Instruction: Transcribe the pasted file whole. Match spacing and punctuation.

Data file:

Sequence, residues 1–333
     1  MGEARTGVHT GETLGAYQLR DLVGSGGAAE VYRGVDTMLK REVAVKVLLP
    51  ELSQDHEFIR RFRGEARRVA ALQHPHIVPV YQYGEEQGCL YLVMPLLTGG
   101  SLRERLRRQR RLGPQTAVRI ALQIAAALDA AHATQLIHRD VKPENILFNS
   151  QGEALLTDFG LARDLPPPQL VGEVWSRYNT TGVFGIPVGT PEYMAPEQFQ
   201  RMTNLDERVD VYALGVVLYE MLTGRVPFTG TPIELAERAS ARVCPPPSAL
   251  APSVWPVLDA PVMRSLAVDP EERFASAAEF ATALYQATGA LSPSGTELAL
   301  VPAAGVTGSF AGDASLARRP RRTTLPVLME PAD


Sequence, residues 1–333
     1  MGEARTGVHT GETLGAYQLR DLVGSGGAAE VYRGVDTMLK REVAVKVLLP
    51  ELSQDHEFIR RFRGEARRVA ALQHPHIVPV YQYGEEQGCL YLVMPLLTGG
   101  SLRERLRRQR RLGPQTAVRI ALQIAAALDA AHATQLIHRD VKPENILFNS
   151  QGEALLTDFG LARDLPPPQL VGEVWSRYNT TGVFGIPVGT PEYMAPEQFQ
   201  RMTNLDERVD VYALGVVLYE MLTGRVPFTG TPIELAERAS ARVCPPPSAL
   251  APSVWPVLDA PVMRSLAVDP EERFASAAEF ATALYQATGA LSPSGTELAL
   301  VPAAGVTGSF AGDASLARRP RRTTLPVLME PAD